7 Ways To Make SEO Produce More Sales

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Successful SEO brings visitors to your site. If you’re an agency, your SEO brings visitors to your clients’ sites. So does getting loads more visitors to these sites constitute successful SEO? I don’t think so.

A website is there to support a business raison d’être. No business is there simply to bring loads of people through the door. It’s there to sell stuff, and to make profits from selling whatever it sells. So a website needs to sell more, and merely getting a ton of people looking through your shop window via SEO tactics doesn’t pay the bills.

In order for a website (and a brick-and-mortar business) to work, it needs to sell more, and SEO alone doesn’t do that. It’s no longer enough – actually, it never was – to just get top rankings in search engines and to bring lots of visitors. To ensure your efforts are productive for your sites or your clients’ sites, you need to envisage the processes a visitor needs to go through in order to become a customer, and to guide these visitors along every step of their journey.

Here are some of the things you need to achieve, if you’re going to sell more from any website:

1. Develop your buyer persona. Who is your typical customer? Don’t look at the past, but look at what your product or service can do, who would typically want this solution?

2. Understand these people’s pain points. What needs or desires do they have that your product or service can satisfy? What are their daily challenges, both inside and outside their business? Are they trying to please their boss? Struggling with child-care? Not having enough hours in the day? Get a clear picture of who the typical person who needs what you sell would be like, before you write any web copy, ad copy etc.

3.  Attract people who are actively looking for what you sell, whether it’s a boxed product or a virtual service. There’s no point bringing visitors who’ll never want what you sell.

4.  Write ads and page copy that immediately grabs the attention of the visitor, copy that draws them in and leads them down the page, keeps their interest, amplifies their desire and prompts them to take the next action (click). Remember that most people will scan your page, however well it’s written, so use <strong>highlighted or bold</strong> to help them pick out the key message and key benefits.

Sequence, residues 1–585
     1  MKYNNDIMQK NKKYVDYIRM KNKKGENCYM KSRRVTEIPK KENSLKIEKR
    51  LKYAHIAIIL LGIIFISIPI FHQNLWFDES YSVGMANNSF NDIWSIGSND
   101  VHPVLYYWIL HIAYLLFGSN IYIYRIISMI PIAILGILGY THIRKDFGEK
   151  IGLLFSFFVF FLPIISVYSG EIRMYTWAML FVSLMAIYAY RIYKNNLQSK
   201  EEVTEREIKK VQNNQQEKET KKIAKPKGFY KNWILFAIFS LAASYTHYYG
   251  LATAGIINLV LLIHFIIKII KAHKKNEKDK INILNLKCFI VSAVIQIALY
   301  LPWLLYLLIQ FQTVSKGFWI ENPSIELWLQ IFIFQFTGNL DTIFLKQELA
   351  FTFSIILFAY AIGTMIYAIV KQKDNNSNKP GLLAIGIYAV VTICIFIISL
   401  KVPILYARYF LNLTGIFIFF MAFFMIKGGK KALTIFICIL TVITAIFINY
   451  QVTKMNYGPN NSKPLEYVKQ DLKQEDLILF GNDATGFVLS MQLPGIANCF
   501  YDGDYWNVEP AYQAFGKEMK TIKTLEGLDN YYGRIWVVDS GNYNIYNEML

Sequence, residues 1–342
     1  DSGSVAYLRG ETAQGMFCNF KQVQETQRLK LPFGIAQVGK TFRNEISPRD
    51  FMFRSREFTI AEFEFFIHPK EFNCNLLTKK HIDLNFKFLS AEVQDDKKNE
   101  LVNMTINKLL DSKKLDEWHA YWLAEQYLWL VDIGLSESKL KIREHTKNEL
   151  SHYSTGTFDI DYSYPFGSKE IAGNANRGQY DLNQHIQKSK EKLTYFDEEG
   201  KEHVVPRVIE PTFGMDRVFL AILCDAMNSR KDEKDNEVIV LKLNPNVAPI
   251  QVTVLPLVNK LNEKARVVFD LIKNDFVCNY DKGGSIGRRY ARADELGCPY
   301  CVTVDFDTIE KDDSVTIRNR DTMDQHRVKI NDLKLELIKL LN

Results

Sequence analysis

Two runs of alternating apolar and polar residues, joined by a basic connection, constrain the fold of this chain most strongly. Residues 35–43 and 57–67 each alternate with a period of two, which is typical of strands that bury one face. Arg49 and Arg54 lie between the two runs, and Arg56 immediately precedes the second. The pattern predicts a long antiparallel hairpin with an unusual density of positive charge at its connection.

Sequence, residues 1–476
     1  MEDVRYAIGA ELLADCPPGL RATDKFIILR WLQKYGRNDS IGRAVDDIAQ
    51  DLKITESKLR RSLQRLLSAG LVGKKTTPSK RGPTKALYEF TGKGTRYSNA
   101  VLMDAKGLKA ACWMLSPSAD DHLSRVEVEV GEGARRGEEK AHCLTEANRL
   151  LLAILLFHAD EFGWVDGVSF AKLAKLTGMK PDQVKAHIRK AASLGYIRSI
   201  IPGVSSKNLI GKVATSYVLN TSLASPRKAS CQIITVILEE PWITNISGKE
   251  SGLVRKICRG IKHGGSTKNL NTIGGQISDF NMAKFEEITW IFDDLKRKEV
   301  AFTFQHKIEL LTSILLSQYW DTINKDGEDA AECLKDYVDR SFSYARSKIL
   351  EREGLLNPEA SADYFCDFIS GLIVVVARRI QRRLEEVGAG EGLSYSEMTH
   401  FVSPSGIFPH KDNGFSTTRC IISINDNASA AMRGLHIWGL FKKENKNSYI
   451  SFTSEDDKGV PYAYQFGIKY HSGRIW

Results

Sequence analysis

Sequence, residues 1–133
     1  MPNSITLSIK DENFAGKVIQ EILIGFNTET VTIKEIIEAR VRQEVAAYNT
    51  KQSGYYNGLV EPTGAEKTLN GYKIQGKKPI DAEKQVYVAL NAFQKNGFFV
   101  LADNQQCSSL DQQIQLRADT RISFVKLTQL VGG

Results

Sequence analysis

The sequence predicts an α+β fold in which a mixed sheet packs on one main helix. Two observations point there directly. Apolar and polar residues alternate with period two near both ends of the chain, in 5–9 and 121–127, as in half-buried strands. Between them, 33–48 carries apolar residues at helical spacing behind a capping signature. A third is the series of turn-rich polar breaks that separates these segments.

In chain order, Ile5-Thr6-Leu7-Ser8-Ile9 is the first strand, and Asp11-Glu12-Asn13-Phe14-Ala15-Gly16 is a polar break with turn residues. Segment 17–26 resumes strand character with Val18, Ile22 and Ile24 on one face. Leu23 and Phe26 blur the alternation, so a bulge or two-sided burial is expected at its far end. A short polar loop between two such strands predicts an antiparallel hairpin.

5.  Give your visitors something for free. For large ticket items, the average number of visits a prospect comes to your site before buying may be more than twenty! They want to know they can trust you, they want to research the product, and they need persuading why they should buy from you. Give them free eBooks, whitepapers, reports and product reviews that help them decide. Let them download via a simple form, and you can them drip-feed these opt-in subscribers with more free information that builds on your offering.

6. Make it easy for people to buy. Make it really obvious what they need to do next. Keep it simple. If visitors have to scan around looking for an action button or link, the chances are they’ll leave your site immediately. If you understand your buyer persona, you’ll better understand what you need to do to help them buy.

7. Analyze your visitors’ journeys. Find out where people are leaving your site and why, and then do what you need to do to fix this. Make your copy more focused to your buyer persona. Make navigation simpler. Get your offers above the fold and in the places on the pages that get scanned the most. Improve your site. Enhance your understanding of your buyer persona. Make it easier for people to do business with you.

SEO isn’t just about bringing people to your site. That’s a pointless exercise. Traffic and rankings alone are vanity. Sales conversions are sanity!

About the Author

Paul McIntyre is the Founder and Managing Director at Search High, an integrated inbound marketing company, blossoming from many years successful bespoke SEO implementations for Blue Chip and high growth enterprises. Search High is based in the UK East Midlands.

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2 Comments

  1. I have a problem with your article. First it likens SEO to just a bunch of tricks to get non-targeted traffic. Then it says you need more than just SEO "SEO tactics doesn’t pay the bills"??? Then you outline an SEO Strategy in the copy??? Optimizing a site isn't just about getting traffic. It's about writing compelling content, with great titles and touch the customers pain points as you describe. It's about making the shopping process easier... as you describe- Optimization is Optimization - That goes for site architecture, content, and traffic. The title of this article is what I would call SEO content To summarize: First you say that we need more than SEO, and then you write about what good SEO's are doing now I suggest this author wrote this article in 5 minutes to get a link in the byline! Sorry-

  2. Hi Mike, I'm sorry you see this article as a 5 minute job and contradictory. I stand by what the article says. You see that it says that SEO is essential, but on it's own, not enough. Giving whitepapers and eBooks is great content marketing, but it's not strictly SEO. If you're unsure, have a look at one definition at http://en.wikipedia.org/wiki/Search_engine_optimization .. Making it easy for visitors to buy isn't SEO.it's usability. As SEO's for many years, we and others have been providing these services as part of a service to provide customers with more sales conversions. However, they are not strictly part of SEO, but they are essential for success in achieving a website's goal. So, exactly my point - SEO is essential, and I outline a suggested approach, but alone in its strict sense, it's not enough. Good SEO's are doing much more than strict SEO. Many bad SEOs are not. I hope this helps to clarify the article.